Mindful parenting helps us cultivate compassion for our own and our child's emotions

Mindful parenting helps us cultivate compassion for our own and our child’s emotions

Mindful parenting helps parents to remain present, and compassionate when our children become emotionally explosive. Rather than succumb to the impact of stress, and negative reactions such as yelling, withdrawing, or using threats or bribes, mindful parenting helps parents and children to effectively manage difficult emotions.

Eight year old Ian can’t find his favourite ball. He stamps his feet, complains loudly, and flings toys across his room narrowly missing his younger brother. His mother, Irene, hears the kerfuffle and immediately drops making dinner, and charges into his room. “Ian, stop!” she says in a loud, stern voice, “This is unacceptable behaviour! Time-out by yourself right now!”.

Many parents know this moment well. Our child is out of control, and our survival brain kicks in to help us regain control. It happens so fast that we seldom notice the cascade of physical sensations, thoughts, emotions, and impulses that drive our reactions…

Stress is a force that hastens our feeling of overwhelm. In the grip of stress, we are like a deer in the headlights of our negative judgments about our child and ourselves. We can be quick to anger – a common emotional reaction to shield us from feelings of helplessness and overwhelm.

Doling out time-outs, threats, punishments, and bribes are often a means to force our child’s emotional reaction to quickly abort. In truth our discomfort is with our own emotions which are triggered by our child’s distress, and accompanying difficult behaviours. When our own out-of-control feelings are intolerable, reactive parenting is a go-to when we need an expedient way out.

What’s lost in reactive parenting is the opportunity to:

  • Be emotionally attuned to our child
  • Strengthen our connection and secure attachment with our child
  • Gain a deeper understanding of what our child’s behaviour is actually telling us, such as “I feel overwhelmed/confused/out of control/like a bad kid”
  • Get curious about what underlies our own reactivity, such as “I feel overwhelmed/confused/out of control/like a bad parent”
  • Acknowledge what we feel, self-soothe, and compassionately lean into our own and our child’s emotions.

At the heart of mindful parenting is the clarity that our emotional reactions contain important messages that we need to hear. Difficult behaviour is often an expression of pain. When we’re having a hard time we need more love, not less. 

This does not mean turning a blind eye to destructive or harmful behaviour – love is also about setting limits.

Noticing how we create healthy boundaries – with kindness and understanding, or reactivity – is the journey of mindful parenting.

Mindful parenting provides us with space to gain a deeper understanding of how our reactive parenting styles are often influenced by our own upbringing, and the constellation of relationship dynamics that we grew up in…

If our parents were emotionally unavailable to us when we were angry or upset either by getting very angry, or isolating from us, we may have learned that upset emotions and access to love and care are mutually exclusive.

When we get the message that difficult emotions are bad because they cause a loss of connection, we often repress or deflect them in unhealthy ways.

Grown-up Ian may learn that his emotions can’t be trusted so that when he feels vulnerable, he either isolates from family and friends, or uses substances to take the edge off – both of which get in the way of the intimate bonds he craves.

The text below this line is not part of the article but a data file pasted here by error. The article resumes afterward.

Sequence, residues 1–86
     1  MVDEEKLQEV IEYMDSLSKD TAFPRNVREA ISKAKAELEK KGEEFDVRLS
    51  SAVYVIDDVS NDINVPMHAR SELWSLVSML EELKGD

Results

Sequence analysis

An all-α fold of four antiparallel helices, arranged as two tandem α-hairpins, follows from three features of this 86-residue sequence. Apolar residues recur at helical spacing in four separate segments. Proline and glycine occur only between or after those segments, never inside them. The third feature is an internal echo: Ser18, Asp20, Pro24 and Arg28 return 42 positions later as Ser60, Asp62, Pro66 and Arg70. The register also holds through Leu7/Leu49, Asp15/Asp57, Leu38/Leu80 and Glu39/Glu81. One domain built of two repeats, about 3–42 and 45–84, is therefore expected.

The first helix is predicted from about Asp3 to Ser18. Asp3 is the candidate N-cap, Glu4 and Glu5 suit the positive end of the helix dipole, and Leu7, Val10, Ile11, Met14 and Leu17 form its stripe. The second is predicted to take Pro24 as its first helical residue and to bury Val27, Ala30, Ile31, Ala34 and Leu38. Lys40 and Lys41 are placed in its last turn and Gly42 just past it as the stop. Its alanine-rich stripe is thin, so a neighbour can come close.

Duncan, Coatsworth & Greenberg (2009) have identified four elements which contribute to effective mindful parenting:

  • Listening with full Attention
  • Non-judgmental acceptance of self and child
  • Emotional awareness of self and child
  • Self regulation in the parenting relationship
  • Compassion for self and child

With a mindful parenting approach to Ian, Irene might take a moment to take a deep breath, check in with how stress shows up in her body, and compassionately acknowledge how she feels as she approaches Ian.

“Ian,” I see that you feel really stressed and upset right now.” Irene looks at Ian with care and concern, her facial expression and tone of voice are calm and empathic.

“Yes! I’m very angry! Angry, angry, angry!” Ian shrieks.

Irene: “Yes, Ian, I can see that. You really want to find your ball and you’re really frustrated that it’s not here,” she says as she drops down to Ian’s eye level, and allows him to feel that she is here for him.

Irene can tell that Ian is calming down, the colour is leaving his cheecks, his breath is getting deeper, and he seems like a sail boat that’s just run out of wind – he looks tired.

There is no perfect parent, and to try to be one is a self-defeating prophecy. Mindful parenting can help us to recognize the impact of stress on how we respond to our children. Curiousity and compassion for our own and our children’s emotions is a starting point for understanding the legacy of our own developmental experiences. With mindful parenting we can respond with awareness, patience, acceptance, and compassion, and let our children know that we are here for them no matter what.

References:
Duncan, L. G., Coatsworth, J. D., & Greenberg, M. T. (2009). A model of mindful parenting: Implications for parent–child relationships and prevention research. Clinical Child and Family Psychology Review, 12, 255–270.

Mindful Parenting: A Guide for Mental Health Practitioners by Susan Bogels & Kathleen Restifo.

Parenting From the Inside Out by Daniel J.Siegel and Mary Hartzell

Raising Your Kids Without Raising Your Voice by Sarah Chana Radcliffe

Click here for information on Joelle’s Mindful Parenting course.